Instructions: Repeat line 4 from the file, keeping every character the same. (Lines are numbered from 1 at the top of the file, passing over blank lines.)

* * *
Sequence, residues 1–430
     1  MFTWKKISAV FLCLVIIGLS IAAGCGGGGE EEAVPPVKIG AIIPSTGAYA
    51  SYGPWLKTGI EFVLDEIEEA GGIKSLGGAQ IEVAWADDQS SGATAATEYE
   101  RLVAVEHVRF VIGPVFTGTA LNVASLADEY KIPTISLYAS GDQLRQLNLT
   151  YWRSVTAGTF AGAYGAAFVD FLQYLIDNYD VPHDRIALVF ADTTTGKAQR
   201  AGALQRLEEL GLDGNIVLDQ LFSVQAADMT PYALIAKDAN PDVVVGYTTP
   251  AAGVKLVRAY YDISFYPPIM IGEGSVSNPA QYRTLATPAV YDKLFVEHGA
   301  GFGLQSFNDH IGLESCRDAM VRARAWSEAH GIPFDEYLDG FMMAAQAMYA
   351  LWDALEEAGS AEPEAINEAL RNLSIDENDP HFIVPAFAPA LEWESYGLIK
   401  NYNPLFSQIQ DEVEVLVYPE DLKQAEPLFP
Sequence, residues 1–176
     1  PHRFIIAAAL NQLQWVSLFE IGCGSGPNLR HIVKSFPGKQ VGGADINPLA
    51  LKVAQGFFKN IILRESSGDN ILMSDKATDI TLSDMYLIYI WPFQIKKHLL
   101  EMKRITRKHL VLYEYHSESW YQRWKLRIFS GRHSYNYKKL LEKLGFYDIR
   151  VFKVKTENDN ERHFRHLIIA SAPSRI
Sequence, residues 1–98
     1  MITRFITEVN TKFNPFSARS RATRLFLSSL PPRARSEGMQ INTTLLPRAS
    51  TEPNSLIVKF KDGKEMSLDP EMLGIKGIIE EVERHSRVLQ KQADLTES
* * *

   101  RLVAVEHVRF VIGPVFTGTA LNVASLADEY KIPTISLYAS GDQLRQLNLT